- Cooler heads may seem to be prevailing in the Middle East, but the longer trend is of more hostility. Meanwhile tensions in Asia remain elevated and territorial claims dealing with the South China Sea are likely to exacerbate fissures in the region.
Weekly Bull/Bear Recap: October 24-28, 2011
+ The bears are furious as Europe once again, to their disbelief, unites and puts forth a €1 trillion package to backstop banks and sovereign debt markets. Eurozone officials also negotiate a voluntary haircut of 50% with banks to put Greece on a sustainable path forward and create time for real reform to take place. The avoidance of a credit event as well as a recapitalization fund of €106 billion ensures that there will not be a disorderly default and that infected banks will be ring-fenced thereby stemming the contagion. The effectiveness of the package results in global equity markets rallying to finish off the week and the Euro rebounding above the important 1.40 mark. The greatest impediment to the global recovery has been lifted. Societe Generale strategists said, “the agreement was likely to prove sufficient to ease financial stress and should be comprehensive enough to give the euro area a ‘window of opportunity’ to put its house in order”.
+ 3Q GDP grows at its fastest pace this year in a marked rebound from the prior quarter. The gains are lead by…. the resilient consumer. Double-dippers are finished. Ignore the consumer confidence surveys. Yes, people are glum about the economy but life goes on. People are learning to live with the current circumstances, which by the way are slowly getting better. The holiday shopping season will pleasantly surprise judging by this news and the most recent uptick in confidence as per the University of Michigan Consumer Sentiment Survey. Moreover, according to the Chicago Fed National Activity Index, the economy isn’t in recession, only a soft-patch. The 3 month moving average rose to -0.21 in September from -0.28. The improvement was centered around employment-related indicators. And finally, the Philly Fed State Coincident Index increased in September and shows continued improvement from this summer’s soft-patch.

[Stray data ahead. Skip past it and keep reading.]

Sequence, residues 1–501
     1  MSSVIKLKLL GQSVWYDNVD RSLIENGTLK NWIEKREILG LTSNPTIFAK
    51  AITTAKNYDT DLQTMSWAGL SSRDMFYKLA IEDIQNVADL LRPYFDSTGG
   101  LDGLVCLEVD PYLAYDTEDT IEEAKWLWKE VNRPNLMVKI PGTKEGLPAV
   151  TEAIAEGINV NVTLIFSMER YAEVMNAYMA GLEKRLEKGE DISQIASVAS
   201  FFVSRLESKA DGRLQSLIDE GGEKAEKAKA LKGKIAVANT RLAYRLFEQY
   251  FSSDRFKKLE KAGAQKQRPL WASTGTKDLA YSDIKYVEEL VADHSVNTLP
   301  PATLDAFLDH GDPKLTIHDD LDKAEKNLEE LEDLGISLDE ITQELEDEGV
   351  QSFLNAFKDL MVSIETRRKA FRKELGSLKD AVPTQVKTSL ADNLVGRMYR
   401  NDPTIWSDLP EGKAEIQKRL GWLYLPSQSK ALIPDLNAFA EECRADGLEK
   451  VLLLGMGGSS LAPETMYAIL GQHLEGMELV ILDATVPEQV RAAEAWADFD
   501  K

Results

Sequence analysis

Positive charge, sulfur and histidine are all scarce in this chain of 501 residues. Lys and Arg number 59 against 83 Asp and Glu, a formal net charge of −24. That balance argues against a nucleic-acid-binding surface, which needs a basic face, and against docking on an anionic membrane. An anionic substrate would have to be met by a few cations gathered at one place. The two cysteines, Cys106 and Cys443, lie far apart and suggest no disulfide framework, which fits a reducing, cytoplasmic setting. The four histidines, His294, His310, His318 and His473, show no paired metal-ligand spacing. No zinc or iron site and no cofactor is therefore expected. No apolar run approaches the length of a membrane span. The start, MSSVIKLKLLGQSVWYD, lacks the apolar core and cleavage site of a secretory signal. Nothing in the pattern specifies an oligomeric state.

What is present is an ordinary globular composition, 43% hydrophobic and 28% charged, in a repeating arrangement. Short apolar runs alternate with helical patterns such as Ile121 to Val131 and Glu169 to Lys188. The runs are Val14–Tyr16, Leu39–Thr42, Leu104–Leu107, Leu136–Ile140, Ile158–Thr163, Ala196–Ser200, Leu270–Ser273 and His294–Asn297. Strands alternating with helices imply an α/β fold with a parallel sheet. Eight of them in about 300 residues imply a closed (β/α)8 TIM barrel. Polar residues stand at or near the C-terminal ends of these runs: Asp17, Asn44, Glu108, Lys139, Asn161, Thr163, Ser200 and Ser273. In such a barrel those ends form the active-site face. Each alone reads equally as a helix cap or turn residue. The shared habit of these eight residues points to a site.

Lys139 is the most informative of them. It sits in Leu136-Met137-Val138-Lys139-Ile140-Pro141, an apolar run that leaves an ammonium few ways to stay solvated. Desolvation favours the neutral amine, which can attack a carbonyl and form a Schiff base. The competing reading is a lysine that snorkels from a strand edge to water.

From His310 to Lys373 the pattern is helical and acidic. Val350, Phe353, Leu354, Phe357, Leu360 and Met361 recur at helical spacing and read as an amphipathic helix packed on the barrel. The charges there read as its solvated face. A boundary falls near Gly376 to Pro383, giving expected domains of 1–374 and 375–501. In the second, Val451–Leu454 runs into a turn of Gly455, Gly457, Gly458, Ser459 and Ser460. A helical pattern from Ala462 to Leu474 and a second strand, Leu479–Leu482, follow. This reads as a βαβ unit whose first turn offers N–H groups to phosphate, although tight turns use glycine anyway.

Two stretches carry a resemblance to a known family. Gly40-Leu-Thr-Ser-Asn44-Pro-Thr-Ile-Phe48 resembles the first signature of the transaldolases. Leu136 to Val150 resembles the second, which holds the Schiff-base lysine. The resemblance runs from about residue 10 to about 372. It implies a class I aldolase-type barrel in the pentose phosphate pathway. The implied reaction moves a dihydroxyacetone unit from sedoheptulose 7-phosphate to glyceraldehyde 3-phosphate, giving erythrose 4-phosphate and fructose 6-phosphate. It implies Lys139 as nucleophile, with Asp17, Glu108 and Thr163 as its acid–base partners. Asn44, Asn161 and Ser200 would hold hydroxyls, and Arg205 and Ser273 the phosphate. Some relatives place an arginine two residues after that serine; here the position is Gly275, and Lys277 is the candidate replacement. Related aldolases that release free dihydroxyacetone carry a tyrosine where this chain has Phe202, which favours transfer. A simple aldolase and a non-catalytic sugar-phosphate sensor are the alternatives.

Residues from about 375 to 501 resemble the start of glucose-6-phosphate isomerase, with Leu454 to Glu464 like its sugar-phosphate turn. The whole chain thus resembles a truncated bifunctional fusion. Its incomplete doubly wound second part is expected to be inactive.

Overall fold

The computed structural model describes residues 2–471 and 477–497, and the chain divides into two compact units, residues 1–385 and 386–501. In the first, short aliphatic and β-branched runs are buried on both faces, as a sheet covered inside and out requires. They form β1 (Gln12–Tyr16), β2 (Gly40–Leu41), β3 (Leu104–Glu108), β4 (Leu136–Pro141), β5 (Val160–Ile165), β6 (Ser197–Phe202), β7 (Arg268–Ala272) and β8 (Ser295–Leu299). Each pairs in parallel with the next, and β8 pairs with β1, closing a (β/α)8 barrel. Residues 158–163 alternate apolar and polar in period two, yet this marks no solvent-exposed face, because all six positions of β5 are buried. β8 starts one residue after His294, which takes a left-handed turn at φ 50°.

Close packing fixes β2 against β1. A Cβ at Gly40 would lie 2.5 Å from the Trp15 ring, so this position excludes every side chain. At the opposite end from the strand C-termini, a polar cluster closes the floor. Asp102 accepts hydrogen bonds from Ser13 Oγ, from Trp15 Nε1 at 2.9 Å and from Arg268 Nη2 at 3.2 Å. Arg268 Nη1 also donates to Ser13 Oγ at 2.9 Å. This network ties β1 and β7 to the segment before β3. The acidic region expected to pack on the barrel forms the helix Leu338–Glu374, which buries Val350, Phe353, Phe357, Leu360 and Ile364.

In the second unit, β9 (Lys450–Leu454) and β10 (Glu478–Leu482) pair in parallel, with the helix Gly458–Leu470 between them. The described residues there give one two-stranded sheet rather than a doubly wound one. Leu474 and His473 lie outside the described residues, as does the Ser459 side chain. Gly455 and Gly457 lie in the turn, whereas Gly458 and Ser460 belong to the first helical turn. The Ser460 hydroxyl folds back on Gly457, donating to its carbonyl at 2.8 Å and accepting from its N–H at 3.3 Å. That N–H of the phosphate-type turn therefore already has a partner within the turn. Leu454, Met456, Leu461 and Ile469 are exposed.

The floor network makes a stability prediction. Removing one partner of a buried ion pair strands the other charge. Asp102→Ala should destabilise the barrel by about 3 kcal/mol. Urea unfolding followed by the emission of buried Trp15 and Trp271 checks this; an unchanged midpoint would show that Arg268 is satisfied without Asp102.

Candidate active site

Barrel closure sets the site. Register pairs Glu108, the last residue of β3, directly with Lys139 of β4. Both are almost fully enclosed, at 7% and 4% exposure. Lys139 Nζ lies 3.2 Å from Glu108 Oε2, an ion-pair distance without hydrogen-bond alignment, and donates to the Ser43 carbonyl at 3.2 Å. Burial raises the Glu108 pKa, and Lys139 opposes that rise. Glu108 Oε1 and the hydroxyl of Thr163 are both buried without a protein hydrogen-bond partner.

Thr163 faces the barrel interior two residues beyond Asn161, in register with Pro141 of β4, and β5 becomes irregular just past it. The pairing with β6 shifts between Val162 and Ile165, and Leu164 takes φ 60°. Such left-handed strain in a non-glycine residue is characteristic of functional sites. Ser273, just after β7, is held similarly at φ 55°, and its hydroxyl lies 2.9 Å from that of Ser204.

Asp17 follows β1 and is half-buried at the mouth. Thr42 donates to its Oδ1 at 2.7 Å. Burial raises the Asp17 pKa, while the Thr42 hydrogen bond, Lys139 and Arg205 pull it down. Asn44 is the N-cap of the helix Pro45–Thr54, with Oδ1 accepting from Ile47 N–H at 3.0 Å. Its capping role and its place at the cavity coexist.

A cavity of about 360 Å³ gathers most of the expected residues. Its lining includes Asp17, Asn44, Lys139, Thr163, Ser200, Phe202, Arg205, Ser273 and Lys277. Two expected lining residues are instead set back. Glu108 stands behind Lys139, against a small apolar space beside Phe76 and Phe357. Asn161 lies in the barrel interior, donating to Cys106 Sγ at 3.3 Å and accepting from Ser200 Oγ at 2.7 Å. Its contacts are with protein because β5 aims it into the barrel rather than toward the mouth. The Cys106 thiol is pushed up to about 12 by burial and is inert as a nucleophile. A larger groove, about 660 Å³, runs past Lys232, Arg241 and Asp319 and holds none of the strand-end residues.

+ The S&P 500 has broken through its 200-day moving average. It has also penetrated the neckline resistance. The Dow Theory is also back into effect as both the industrials and transportation averages have broken through their prior highs. How was the breadth in the latest rally? I would say healthy. Credit has also participated in the rally. These are signs that the technical picture has improved substantially. The index is poised to challenge the bull market highs. Shorts are getting decimated. Money managers are hopping on board as seasonality is supportive of positive returns to finish the year (Santa Claus rally!), they don’t want to miss the boat! —(S&P 500 below)